Report “Preserving national minorities in Europe” (excerpt), 2021

Appendix – Specific case-studies examined in the context of this report



1. Certain elements of the situation of national minorities in Latvia bear similarities to those in Ukraine. A majority – 62.1% – of the population identifies as Latvian, 26.9% as Russian, 3.3% as Belarusian, 2.2% as Ukrainian and the same proportion as Polish, and 1.2% as Lithuanian, with nearly 100 other (smaller) groups identified in the most recent census. Latvian, the State language, is the mother tongue of 60.8% of the population, while 36% of the population have Russian as their mother tongue and 3.2% another language.71 Some data show that pupils following minority education programmes have a lower level of proficiency in the State language than pupils in Latvian-medium education.72 Recent amendments, designed to improve proficiency in the State language, have curbed access to education in minority languages and increased the proportion of instruction that must be provided in Latvian, with teaching in non-EU languages moreover being subject to greater restrictions than that in EU languages in both public and private schools.

71 Central Statistics Bureau of Latvia, Indicators characterising languages used by the population of Latvia, Mother tongue of population of Latvia, 2017.

72 CDL-AD(2020)012, op. cit., paragraphs 22 to 26.

2. In the light of this situation, and in the context of my work on the present report, the committee decided at its meeting of 4 December 2019 to request the opinion of the Venice Commission on the recent amendments to the legislation on education in minority languages in Latvia. I wish to thank the Venice Commission for its rapid and thorough follow-up to this request.

3. As of June 2018, minority education programmes were available in seven languages in Latvia: Russian, Polish, Hebrew, Ukrainian, Estonian, Lithuanian and Belarusian. A series of amendments, covering all levels of education from preschool to higher education, were introduced in Latvian legislation and regulations between March and November 2018, and scheduled to come into force progressively over three academic years starting from September 2019. The amendments have been described in detail in the opinion of the Venice Commission.73 Some amendments concerning higher education in private institutions were found by the Constitutional Court of Latvia on 11 June 2020 to be incompatible with the Constitution and void as of May 2021. Another part of this case was subsequently referred to the European Court of Justice for a preliminary ruling.74 On 19 June 2020, one day after the Venice Commission adopted its opinion, the Constitutional Court found the amendments relating to pre-school education for children aged 5-7 years to be in conformity with the Latvian Constitution.75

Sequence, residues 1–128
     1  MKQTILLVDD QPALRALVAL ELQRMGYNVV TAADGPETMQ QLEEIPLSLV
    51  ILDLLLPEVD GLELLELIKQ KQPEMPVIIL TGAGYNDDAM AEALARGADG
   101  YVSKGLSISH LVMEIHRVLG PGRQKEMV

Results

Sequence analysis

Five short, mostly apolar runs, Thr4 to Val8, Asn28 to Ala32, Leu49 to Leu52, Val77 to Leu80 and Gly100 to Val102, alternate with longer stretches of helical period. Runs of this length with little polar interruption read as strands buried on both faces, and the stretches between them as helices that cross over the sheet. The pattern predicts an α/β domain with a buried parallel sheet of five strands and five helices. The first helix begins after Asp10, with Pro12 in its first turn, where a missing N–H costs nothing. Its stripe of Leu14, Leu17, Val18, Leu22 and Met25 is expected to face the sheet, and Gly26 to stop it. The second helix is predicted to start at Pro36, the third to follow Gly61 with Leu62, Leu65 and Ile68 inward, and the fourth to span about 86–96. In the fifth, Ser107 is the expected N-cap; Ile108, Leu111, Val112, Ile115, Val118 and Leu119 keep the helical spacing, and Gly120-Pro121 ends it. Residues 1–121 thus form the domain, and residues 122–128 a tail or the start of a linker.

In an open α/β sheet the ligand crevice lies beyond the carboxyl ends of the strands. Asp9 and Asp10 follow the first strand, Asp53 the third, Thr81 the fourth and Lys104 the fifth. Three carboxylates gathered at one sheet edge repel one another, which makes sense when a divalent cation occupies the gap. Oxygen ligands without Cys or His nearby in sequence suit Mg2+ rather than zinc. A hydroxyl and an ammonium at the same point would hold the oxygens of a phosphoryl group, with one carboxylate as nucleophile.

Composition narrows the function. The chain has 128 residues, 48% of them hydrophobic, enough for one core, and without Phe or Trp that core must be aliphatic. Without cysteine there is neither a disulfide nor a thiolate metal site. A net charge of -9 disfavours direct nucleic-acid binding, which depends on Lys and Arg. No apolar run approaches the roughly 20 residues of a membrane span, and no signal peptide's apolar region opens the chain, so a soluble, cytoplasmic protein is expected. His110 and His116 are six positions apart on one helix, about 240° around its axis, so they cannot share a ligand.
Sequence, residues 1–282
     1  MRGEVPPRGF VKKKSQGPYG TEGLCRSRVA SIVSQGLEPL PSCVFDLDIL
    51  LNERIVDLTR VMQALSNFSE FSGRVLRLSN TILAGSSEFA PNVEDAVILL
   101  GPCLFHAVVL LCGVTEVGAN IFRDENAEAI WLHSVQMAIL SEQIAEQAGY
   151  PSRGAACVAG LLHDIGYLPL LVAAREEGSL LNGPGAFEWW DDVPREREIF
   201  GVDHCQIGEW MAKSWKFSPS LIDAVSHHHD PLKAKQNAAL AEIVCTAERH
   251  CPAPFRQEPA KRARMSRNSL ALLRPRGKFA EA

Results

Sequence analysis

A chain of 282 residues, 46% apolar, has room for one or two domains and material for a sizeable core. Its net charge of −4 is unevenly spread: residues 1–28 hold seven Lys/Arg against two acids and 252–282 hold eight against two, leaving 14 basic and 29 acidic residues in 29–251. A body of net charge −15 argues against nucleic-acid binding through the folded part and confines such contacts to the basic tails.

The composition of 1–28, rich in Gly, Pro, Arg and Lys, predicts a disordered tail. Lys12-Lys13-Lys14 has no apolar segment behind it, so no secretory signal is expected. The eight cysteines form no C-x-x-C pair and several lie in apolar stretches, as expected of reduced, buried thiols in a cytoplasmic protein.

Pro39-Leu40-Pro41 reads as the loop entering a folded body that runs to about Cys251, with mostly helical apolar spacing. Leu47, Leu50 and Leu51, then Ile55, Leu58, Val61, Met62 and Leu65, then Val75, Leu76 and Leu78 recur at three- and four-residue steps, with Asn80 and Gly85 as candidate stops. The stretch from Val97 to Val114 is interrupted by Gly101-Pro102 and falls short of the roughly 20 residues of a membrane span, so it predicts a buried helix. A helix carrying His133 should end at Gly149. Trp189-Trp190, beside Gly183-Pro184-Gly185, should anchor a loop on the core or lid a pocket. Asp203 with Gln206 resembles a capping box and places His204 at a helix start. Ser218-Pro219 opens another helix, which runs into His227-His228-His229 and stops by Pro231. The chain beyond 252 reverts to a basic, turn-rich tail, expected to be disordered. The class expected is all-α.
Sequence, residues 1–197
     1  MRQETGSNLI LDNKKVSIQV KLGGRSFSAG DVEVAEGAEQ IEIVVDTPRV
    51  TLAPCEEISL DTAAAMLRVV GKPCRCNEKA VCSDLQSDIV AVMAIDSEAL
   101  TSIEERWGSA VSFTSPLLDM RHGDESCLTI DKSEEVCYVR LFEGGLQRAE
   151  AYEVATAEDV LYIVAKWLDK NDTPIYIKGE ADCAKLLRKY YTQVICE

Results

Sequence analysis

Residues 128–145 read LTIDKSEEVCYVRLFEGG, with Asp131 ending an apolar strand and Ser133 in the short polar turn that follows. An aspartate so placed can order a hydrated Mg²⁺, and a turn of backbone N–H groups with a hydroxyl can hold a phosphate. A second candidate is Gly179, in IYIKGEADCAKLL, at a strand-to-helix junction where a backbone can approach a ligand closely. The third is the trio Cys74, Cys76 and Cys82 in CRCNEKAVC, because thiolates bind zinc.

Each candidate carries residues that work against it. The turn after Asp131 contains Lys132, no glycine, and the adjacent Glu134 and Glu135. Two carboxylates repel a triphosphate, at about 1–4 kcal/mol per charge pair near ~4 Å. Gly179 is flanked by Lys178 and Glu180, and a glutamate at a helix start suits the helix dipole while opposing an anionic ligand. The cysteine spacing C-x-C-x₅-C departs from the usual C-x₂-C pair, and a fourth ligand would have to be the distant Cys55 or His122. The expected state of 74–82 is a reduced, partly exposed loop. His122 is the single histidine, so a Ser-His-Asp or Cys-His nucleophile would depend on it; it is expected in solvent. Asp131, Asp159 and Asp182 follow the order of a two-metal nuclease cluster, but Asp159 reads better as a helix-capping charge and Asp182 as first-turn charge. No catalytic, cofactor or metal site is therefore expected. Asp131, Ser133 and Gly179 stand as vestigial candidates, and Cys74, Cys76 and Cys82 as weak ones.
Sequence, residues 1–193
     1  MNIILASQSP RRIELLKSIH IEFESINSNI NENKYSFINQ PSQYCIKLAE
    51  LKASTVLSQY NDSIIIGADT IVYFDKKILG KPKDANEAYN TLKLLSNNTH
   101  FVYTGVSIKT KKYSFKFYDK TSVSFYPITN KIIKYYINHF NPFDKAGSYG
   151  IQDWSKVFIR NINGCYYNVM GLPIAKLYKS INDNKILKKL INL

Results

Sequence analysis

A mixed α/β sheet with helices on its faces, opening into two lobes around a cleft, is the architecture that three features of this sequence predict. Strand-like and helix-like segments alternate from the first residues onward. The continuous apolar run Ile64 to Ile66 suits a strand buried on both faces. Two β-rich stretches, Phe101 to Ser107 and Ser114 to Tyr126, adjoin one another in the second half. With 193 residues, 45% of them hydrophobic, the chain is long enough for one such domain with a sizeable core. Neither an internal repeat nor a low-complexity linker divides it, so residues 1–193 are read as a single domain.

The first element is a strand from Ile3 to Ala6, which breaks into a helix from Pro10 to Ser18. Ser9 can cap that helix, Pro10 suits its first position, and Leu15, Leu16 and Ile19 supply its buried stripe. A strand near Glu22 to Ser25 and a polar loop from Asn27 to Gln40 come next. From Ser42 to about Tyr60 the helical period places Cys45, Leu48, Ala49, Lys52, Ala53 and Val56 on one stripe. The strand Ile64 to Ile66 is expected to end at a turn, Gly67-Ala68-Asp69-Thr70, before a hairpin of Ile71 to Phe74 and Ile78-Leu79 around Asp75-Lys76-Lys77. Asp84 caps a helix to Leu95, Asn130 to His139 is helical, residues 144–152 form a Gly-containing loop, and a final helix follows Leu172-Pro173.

73 Ibid., paragraphs 36 to 58.

74 Judgment in case No. 2019-20-01, summary in English, full text in Latvian, and decision of 17 July 2020, available on the Court’s website.

75 Judgment in case No. 2019-20-03, summary in English and full text in Latvian available on the Court’s website

4. The situation arising as a result of the 2018 amendments can be briefly summarised as follows. At preschool level, a bilingual approach can (still) be used from the age of 1.5 years, but from the age of 5 years (when preschool education becomes compulsory) to 7 years, it is now required that Latvian be the main language of communication in play-based lessons. At primary level, the highest proportion of teaching that can be delivered in a minority language is 50% in grades 1-6, and 20% in grades 7-9 (previously the highest proportion of instruction possible in a minority language at grades 7-9 was 40%). Teaching must be delivered entirely in Latvian in grades 10-12, except for minority language and literature courses, which may be given in the minority language (previously up to 40% of teaching at grades 10-12 could be provided in the minority language). A minority language may also be taught as a foreign language (through the medium of Latvian); however, as of November 2018, the first foreign language taught must be an EU language; non-EU languages can only be taught as a second foreign language.76